Also - I don't wanna be rude or anything here - but was it just me - or did Lena Headey have some of the longest nipples you've ever seen...?

I was almost shocked - and now I know why these Spartan Men aren't afraid of swords or arrows or spears...
If they've been dodging these udders from poking out a fucking eye since birth - what's a little spear to them...?

But I'd probably give it about an 8 or so out of 10...I voted the "Like it" option on this poll...

Like I said - fun - and good to catch in a theatre - won't change your life (unless you're LS) but at least - for the most part - it's something fairly fresh...

Could've been worse...could've been 300 Wild Hogs...
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Postby Cha-Ka Khan on Mon Mar 12, 2007 10:10 am

I caught this on IMAX over the weekend, along with the millions of others who launched 300 into the March record books.

On a scale of 1 to 10, I'd give it a 6. Great concept, beautiful execution visually, but overall it's a pretty weak film. Viscerally entertaining though, on a colosseum level.

While I can agree with many of Brainiac's well-though-out points at the top of this page, I also can agree with Brocktune midway down.

The one thought that kept coming into my head while I watched it in the packed IMAX theater was "is this all there is? Is this what we've become as a movie-watching audience?" I suppose so. While the movie is pure popcorn escapism, it doesn't offer much beyond the a visceral survey course in machismo.

There has been a trend in Hollywood lately, where movies like this are essentially nothing more than video games that we can't play (until the tie-in comes out that we can play, that is). But like the direct-to-DVD Hellboy: Sword of Storms, The Invincible Iron-Man, and the recent Ghost Rider, 300 falls into that same category where it is nothing more than a few minor battle waves, meet the boss, battle harder enemies, meet the boss again, battle harder yet, and then final battle with the boss. Everything else is cliched, one-dimensional filler.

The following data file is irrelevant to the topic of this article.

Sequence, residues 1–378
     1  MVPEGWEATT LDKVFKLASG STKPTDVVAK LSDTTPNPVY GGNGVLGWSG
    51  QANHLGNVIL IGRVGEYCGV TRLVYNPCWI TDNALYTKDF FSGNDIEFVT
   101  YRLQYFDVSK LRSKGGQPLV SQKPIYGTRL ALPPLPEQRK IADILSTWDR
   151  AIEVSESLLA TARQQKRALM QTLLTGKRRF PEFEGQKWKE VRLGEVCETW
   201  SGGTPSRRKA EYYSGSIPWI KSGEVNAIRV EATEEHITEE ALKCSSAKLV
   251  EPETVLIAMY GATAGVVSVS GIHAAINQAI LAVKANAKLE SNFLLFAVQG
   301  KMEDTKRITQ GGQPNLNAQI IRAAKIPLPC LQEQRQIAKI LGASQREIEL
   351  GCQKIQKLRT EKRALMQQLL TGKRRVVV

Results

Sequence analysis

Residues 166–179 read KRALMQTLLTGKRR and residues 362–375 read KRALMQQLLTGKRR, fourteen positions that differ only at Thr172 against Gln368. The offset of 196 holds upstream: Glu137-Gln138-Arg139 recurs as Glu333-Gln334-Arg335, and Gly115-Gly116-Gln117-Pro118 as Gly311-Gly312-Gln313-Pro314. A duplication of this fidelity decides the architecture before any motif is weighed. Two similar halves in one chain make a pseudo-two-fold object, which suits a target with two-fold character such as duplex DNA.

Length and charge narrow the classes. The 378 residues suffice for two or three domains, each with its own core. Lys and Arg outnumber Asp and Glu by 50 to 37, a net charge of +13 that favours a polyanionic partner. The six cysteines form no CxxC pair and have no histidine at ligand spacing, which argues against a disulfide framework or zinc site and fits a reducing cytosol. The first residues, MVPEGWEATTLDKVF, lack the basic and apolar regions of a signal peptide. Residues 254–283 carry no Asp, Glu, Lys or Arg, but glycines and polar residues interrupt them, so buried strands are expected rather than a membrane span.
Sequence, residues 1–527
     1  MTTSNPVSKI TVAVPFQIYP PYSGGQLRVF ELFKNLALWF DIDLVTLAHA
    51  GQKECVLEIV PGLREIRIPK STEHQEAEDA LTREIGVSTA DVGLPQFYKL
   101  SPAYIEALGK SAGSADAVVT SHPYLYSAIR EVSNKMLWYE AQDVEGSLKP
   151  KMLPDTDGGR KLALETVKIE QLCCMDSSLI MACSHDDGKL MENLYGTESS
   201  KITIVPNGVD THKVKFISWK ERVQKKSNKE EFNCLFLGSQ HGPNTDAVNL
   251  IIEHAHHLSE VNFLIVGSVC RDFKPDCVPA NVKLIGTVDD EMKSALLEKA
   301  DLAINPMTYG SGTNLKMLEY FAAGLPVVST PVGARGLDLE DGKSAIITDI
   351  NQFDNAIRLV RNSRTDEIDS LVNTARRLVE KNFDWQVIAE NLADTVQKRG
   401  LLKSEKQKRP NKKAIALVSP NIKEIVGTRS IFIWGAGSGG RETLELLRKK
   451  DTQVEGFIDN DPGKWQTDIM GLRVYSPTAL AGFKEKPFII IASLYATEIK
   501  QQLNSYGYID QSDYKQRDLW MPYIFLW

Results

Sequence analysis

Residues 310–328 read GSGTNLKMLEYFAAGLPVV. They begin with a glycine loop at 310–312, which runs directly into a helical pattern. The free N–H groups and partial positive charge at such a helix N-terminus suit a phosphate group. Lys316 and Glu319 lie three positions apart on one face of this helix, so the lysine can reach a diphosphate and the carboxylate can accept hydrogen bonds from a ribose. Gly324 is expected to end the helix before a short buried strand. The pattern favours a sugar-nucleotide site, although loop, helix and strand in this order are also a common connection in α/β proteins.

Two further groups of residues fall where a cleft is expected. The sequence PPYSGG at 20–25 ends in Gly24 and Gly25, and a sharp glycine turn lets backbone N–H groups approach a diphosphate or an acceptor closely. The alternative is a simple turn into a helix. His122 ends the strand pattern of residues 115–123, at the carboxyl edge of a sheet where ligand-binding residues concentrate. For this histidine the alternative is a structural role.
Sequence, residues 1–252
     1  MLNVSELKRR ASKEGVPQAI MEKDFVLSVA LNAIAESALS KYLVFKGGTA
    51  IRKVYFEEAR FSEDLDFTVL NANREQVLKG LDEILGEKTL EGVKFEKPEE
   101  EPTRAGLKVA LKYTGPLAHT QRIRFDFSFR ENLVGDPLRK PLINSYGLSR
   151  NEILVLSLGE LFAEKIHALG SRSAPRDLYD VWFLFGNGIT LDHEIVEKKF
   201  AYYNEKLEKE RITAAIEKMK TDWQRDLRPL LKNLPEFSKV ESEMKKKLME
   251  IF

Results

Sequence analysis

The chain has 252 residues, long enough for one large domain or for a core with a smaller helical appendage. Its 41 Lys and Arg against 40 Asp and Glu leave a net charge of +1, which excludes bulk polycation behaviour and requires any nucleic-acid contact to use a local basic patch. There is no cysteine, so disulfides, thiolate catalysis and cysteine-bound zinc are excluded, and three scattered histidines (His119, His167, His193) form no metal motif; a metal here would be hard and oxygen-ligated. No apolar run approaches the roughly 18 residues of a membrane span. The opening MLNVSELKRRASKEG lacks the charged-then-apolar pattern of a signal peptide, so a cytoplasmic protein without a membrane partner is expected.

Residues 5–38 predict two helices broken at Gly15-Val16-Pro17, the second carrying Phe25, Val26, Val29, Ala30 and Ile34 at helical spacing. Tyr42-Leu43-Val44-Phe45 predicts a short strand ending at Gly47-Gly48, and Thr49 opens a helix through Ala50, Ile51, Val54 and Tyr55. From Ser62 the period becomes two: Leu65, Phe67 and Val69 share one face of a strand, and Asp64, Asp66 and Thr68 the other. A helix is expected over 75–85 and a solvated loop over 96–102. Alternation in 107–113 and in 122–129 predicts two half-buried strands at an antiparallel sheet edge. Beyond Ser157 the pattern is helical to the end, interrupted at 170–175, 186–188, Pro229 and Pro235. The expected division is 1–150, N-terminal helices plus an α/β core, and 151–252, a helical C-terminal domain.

Strangely enough, the quality of the visuals looked very similar to those of Sky Captain, which many people largely hated. But both films shared the same slightly, grainy, fuzzy background visuals, probably due to efforts to hide the "CGI-ness" of the surrounding sets. But where audiences griped about that in Sky Captain, they seem at home with it in 300, whether that's due to the comic-book nature of the film or whether we've just become accustomed to that particular look, I don't know. Maybe both.

But for a film where the visuals are so important and the CGI has been used to craft probably 85% of what we see on every frame, the little details like the smallpox vaccination scars on so many of the Spartan's shoulders, and the fillings in Gerard Butler's teeth really took me out of the movie. It's like that scene in X-Men 1 when Sabretooth roars up at the sky and you see all of his fillings... are you telling me that with all of the money being spent on these movies that they can't go in and paint out the scars and fillings?!? Come on... that's like a guy wearing a wristwatch in Spartacus.

The battles are certainly entertaining, and the use of the spear and the shield as offensive weapons is very cool to see... you can really imagine the force of the impact as a Spartan twirls himself around and throws out that shield arm... WHAM!

I'll tell you one thing, after watching the film, I thought "forget Watchmen and forget the upcoming Dark Knight by Nolan... Snyder and Miller should just get to work on the The Dark Knight Returns. THIS is the way to do that project."
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Postby The Vicar on Mon Mar 12, 2007 10:44 am

havocSchultz wrote:Quick question - did anybody else's theatre break into applause when the Queen gutted the dude in the Senate - and repeated his previous line to him - except saying: "I am not your Queen" as opposed to "I'm not your King"


Both times I saw it the audience reacted - the first time ( Thursday night/Friday morning) it was general approval....the second time, with more ladies in attendance, there was applause & shouting.

Nota bene - wasn't Gorgo a giant lizard type that attacked London back in the 1961?
I get confused sometimes.....
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Postby havocSchultz on Mon Mar 12, 2007 10:48 am

The Vicar wrote:
havocSchultz wrote:Quick question - did anybody else's theatre break into applause when the Queen gutted the dude in the Senate - and repeated his previous line to him - except saying: "I am not your Queen" as opposed to "I'm not your King"